It’s also where SteamVR’s touchpad controls really shine, with the ability to change brushes, colours and effects just by swiping and clicking. Just wandering through a creation of squiggles is mesmerising.

Then there were other themed demos like Portal 2 (retaining the humour of the original games) and DOTA 2 (placing you inside a magic shop and allowing you to shrink in different places); while others like Arizona Sunshine, a zombie shooter, made use of the motion controls through aiming weapons and dual-wielding.

Arizona Sunshine Source: HTC

Oculus Rift

For Oculus Rift, there were a number of games to choose from. Some were more sedate, like Work Simulator (a lighthearted take on the workplace of the future), while others were more intense, like Bullet Train.

Source: Unreal Engine/YouTube

Searching for a happy medium, the game we tried out was Dead & Buried, a wild west themed game where you use dual-wield revolvers (spoiler: dual-aiming is tough. Very tough) and shoot as many targets as you can.

It’s a fixed vantage point game, but it’s one you’re thankful for as you get used to shooting targets and bottles from a distance.

You get one trigger to grab/hold the gun (with your index finger), your thumb to shoot, and when you need to reload, you just twist your wrist to empty the bullet chamber and flick it back to reload.

Developed in-house by Oculus itself, the art style is very reminiscent of studios like Disney, much like being at a fairground and playing a target practice game.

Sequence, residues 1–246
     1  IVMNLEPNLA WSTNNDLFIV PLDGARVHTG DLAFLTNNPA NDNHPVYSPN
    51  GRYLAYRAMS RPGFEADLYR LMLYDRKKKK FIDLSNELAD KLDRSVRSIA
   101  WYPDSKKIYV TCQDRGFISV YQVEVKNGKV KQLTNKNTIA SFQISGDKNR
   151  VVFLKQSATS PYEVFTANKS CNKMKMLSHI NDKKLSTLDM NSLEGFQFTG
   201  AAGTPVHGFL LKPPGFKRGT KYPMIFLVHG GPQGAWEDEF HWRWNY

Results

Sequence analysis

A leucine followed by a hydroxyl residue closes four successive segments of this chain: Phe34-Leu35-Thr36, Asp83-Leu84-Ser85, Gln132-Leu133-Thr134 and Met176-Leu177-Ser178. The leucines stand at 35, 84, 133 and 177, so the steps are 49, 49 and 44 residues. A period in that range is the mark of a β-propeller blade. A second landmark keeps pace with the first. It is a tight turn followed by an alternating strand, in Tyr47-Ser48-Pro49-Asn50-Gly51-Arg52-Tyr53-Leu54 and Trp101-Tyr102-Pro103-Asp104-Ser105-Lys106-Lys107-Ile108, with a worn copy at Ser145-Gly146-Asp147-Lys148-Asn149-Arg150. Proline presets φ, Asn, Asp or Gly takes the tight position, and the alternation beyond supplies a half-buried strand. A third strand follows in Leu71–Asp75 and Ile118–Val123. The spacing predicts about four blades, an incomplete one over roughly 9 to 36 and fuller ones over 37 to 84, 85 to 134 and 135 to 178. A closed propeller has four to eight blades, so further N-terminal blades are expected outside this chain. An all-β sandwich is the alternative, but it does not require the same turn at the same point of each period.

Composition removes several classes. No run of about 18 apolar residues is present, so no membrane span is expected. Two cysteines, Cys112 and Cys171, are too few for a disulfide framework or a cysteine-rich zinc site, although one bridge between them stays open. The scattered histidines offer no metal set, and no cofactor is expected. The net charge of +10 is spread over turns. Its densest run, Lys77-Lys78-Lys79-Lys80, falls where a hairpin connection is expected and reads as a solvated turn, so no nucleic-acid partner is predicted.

Oculus Rift views its headset not as an extension of your PC, but a platform in its own right, one that would be viewed in the same manner as your console or set-top box.

The future (but not just yet)

It’s hard not to walk away from either experience feeling excited about the prospects it brings. We might be a bit away from being in a world where we can move fully – tethered headsets mean the possibility of tripping over wires is always a factor – but there are experiences made for this.

Also, you need a high-end PC to properly run VR. HTC says it’s working on bringing the requirements down as low as possible – a reason why it hasn’t revealed the required specs yet – but it’s best to assume you’ll need a gaming PC to take advantage of it.

If there was a feeling behind it, demos for both experiences feel like when Wii Sports came out back in 2005. At the heart of it, they’re simple experiences designed to get people acquainted with the controls, but they’re fun and really show the potential behind the technology.

job sim 2

It’s a cliché to say this, but you don’t truly know what virtual reality is like until you try it out. The feeling of being placed a situation instead of acting passively livens things up and the interaction

While Oculus Rift will be released in the first quarter of 2016, Oculus Touch controls won’t be released until the second quarter. HTC Vive is gearing up for a release next year but a specific date has yet to be provided.

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About the author:

Quinton O'Reilly